Shorts and T-shirt Cairngorms runner in –6C rescue

Mountain rescuers found the man wearing just running gear, in temperatures below freezing. Picture: Ian Rutherford
Mountain rescuers found the man wearing just running gear, in temperatures below freezing. Picture: Ian Rutherford
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Mountain rescuers say a runner who got lost in the Cairngorms wearing just shorts and a vest with no map or equipment is lucky to be alive.

Kevin Steenson was found 900 metres up the Cairngorms on Tuesday night after becoming lost in the dark and in sub-zero temperatures.

Dozens of rescuers spent more than five hours searching for the 25-year-old.

Yesterday he described his “relief” at being found after hours in the dark and cold – and thanked those who saved his life.

Mr Steenson, originally from Dumfries, said: “I could see a helicopter in the distance and I made my way towards it and then it took off. I was always trying to hear out for it and I decided to head up a hill.”

However, the terrain was difficult in the dark and Mr Steenson said he was also getting colder as the time passed, adding: “My hands were feeling numb. I was shaking. I tried to find shelter. I was a bit disorientated and was starting to slow down.”

Eventually he saw the flickering lights of the mountain rescue team and a flare was set off in response to his shouts. Guided by a second flare, Mr Steenson met up with the searchers.

He said: “I was relieved. Really relieved, happy and grateful.”

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He had been running with five others in the Cairngorms during an afternoon off from work at Abernethy Trust, near Aviemore, which provides outdoor activities.

Mr Steenson took a wrong turn and became separated from the party in the Lairig Ghru area, resulting in him being caught out in the dark with inadequate clothing and supplies.

His friends raised the alarm, and Cairngorm and Braemar Mountain Rescue Teams were called out. He was found in an area known as the Pools of Dee, with minor cuts and bruises.

Willie Anderson, leader of the Cairngorm Mountain Rescue Team, said the runner could have died if he had been left on the hills in conditions which plunged to -6C for another 20 minutes.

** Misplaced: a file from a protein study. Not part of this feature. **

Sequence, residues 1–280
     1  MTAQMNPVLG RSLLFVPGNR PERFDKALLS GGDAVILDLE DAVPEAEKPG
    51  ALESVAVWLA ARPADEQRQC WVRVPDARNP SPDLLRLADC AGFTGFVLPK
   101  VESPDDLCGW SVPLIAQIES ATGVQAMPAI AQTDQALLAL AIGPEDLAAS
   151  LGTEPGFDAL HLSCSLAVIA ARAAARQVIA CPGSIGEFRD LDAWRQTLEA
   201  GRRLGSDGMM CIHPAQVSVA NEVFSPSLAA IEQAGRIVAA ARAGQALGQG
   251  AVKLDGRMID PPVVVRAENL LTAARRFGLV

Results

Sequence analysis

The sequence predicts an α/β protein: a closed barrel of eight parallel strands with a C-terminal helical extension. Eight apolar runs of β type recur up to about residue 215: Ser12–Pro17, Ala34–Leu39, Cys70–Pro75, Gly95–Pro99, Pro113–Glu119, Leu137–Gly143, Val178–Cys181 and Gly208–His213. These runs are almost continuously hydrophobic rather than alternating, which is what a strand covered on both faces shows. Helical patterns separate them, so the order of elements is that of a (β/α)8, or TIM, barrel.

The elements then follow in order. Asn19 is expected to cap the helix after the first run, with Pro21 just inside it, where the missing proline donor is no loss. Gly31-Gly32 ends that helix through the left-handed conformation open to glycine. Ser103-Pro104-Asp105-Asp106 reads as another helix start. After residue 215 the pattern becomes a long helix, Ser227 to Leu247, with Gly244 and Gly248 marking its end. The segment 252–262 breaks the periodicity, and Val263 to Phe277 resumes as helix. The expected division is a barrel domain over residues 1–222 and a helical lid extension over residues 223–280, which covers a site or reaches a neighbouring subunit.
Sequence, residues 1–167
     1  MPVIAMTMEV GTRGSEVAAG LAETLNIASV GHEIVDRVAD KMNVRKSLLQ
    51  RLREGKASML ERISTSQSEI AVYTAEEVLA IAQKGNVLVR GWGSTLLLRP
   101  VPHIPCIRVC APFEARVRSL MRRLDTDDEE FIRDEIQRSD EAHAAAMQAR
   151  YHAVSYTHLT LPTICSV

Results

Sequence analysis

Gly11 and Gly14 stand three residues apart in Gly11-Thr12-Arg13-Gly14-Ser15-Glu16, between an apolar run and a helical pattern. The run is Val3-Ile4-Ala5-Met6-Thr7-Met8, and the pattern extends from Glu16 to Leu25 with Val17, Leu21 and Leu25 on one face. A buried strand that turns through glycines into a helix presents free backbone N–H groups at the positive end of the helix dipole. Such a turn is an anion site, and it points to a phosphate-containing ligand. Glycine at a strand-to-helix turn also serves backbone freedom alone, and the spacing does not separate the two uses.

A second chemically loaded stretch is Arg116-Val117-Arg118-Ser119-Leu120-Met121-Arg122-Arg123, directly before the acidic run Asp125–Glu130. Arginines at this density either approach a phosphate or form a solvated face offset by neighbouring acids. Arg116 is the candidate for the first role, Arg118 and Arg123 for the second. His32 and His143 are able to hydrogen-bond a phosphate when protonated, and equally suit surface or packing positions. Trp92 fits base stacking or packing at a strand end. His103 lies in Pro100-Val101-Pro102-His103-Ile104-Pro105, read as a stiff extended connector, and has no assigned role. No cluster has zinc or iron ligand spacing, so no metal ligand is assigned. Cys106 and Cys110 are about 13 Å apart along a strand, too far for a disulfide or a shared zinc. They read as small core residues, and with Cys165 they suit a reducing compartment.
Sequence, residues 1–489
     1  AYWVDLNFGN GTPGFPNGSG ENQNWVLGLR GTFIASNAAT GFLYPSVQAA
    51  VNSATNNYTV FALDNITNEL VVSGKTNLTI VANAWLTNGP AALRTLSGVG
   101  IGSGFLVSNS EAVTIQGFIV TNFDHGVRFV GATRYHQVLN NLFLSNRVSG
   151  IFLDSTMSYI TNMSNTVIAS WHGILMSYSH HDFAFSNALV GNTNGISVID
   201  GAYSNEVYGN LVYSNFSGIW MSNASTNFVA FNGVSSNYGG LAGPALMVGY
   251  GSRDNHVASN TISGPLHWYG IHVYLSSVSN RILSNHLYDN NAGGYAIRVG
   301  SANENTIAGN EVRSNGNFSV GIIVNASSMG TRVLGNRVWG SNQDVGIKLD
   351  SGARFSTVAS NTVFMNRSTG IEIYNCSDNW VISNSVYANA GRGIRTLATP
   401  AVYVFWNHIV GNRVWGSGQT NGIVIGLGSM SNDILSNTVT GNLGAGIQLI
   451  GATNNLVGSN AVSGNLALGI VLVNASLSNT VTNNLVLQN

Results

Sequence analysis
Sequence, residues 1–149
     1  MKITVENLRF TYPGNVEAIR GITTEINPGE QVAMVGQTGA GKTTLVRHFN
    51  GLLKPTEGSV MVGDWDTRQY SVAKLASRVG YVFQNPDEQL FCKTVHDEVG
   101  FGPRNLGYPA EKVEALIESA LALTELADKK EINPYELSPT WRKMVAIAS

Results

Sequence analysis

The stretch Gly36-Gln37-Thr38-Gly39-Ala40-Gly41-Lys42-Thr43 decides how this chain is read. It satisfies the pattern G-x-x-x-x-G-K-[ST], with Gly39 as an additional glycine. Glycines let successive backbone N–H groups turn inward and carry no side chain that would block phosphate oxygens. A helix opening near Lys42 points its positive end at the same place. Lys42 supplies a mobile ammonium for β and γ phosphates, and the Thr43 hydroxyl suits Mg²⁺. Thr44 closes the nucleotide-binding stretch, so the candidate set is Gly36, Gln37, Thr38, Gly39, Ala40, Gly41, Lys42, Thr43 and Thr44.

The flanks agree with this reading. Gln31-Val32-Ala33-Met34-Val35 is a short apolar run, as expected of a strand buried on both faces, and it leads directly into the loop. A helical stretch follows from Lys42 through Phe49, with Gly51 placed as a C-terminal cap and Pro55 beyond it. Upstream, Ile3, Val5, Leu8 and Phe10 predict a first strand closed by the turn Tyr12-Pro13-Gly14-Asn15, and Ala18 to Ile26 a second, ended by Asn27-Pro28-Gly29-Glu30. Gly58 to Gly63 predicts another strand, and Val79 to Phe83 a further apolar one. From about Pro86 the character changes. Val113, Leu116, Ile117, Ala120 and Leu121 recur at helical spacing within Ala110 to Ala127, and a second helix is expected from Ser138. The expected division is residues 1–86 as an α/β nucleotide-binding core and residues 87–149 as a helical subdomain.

He said: “There was snow up there and some ice around, and the difference of going into the mountains in summer and winter really is night and day.

“You could get away with a mistake in the summer, but come this time of year if you have no equipment or you don’t know how to use it then the outcome could be rather grave.

“This boy was literally in his running shoes, shorts and T-shirt. He had no food, mobile phone, head torch, compass or map.

“He started wandering about in the dark and fell a couple of times, falling into a couple of burns and getting some cuts and bruises on his legs.

“He saw the rescue helicopter and tried climbing higher. But the higher he went, the colder he got. Our guys eventually found him at about 10:30pm, five hours after the callout.

“The search was hampered by mist, particularly for the chopper, but once found we walked him to below the mist level and he was airlifted. He was 900 metres up and it was certainly sub-zero, about -6C, with snow on the mountain tops.”

Mr Anderson added: “This is one remarkably lucky guy. On another day, with different weather conditions, he would be dead. Although it was cold, there was not a full-blown Cairngorm blizzard.

“However, he even admitted himself that he probably could only have kept going for another 20 minutes or so.”

More than 20 team members responded from the Cairngorm, Braemar and Aberdeen mountain rescue teams. They were joined by police, sniffer dogs, and search and rescue aircraft.

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